• configuration, works right out of the box.
  • Minimal adaptability.
  • No integration with other quality functions.

 Enterprise QMS

  • Automates the entire quality function.
  • Modules are integrated.
  • Some systems integrate with the company’s ERP system.
  • Costly.
  • More resources/expertise to implement and maintain.

#4 Ensure Staff Is Properly Trained in Quality and Don’t Be Afraid to Seek Help

With any position at any company it is imperative that staff is properly trained, and part of that training must include how to utilize the quality system properly. No one wants to get flagged in an audit for something that could have been avoided by proper training. Companies require a competent and knowledgeable individual to be the quality system leader. They will oversee implementation, keeping the system compliant and pushing forward improvements. It is also a part of the quality system leader’s job to ensure that either current staff is or can be trained on maintaining the quality system and if not, that the gaps are filled temporarily with contractors until the training is complete or the positions are filled. Quality system leaders can perform a skills assessment to analyze the skills of in-house quality personnel against the company needs.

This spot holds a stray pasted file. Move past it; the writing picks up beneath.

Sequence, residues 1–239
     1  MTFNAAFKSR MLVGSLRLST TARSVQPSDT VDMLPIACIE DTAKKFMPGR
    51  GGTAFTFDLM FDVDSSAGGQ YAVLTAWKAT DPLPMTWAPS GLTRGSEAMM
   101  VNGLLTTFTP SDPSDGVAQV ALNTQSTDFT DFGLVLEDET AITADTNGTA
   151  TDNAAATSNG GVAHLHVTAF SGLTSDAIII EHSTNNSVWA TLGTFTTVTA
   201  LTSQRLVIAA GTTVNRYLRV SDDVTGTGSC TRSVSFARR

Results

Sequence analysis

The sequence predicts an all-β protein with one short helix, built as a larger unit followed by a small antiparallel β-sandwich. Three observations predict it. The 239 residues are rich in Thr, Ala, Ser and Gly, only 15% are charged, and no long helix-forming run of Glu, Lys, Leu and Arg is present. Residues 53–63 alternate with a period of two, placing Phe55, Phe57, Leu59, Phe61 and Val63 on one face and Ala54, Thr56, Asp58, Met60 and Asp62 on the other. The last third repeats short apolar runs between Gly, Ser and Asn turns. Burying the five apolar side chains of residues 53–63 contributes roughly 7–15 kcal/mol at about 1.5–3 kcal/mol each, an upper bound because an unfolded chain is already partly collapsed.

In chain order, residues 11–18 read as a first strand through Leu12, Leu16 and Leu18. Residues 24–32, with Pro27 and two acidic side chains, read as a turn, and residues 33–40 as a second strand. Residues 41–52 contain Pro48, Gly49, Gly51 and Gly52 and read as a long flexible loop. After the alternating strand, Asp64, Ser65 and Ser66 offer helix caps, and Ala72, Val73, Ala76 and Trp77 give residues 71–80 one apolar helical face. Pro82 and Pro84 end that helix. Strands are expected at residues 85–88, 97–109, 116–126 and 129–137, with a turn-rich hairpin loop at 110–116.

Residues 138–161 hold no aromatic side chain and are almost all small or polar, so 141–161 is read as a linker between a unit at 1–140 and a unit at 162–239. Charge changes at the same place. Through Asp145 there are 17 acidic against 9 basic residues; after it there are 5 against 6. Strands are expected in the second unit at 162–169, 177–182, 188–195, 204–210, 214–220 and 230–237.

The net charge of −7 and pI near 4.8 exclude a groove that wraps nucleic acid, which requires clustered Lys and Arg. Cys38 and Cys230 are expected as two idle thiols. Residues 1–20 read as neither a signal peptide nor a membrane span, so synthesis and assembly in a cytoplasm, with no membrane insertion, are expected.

Temporary gaps are common and can be closed by hiring consultants that can provide specialized knowledge without paying for a full-time employee. These include aren’t limited to:

  • Internal and external audits.
  • Training on key topics or necessary regulations.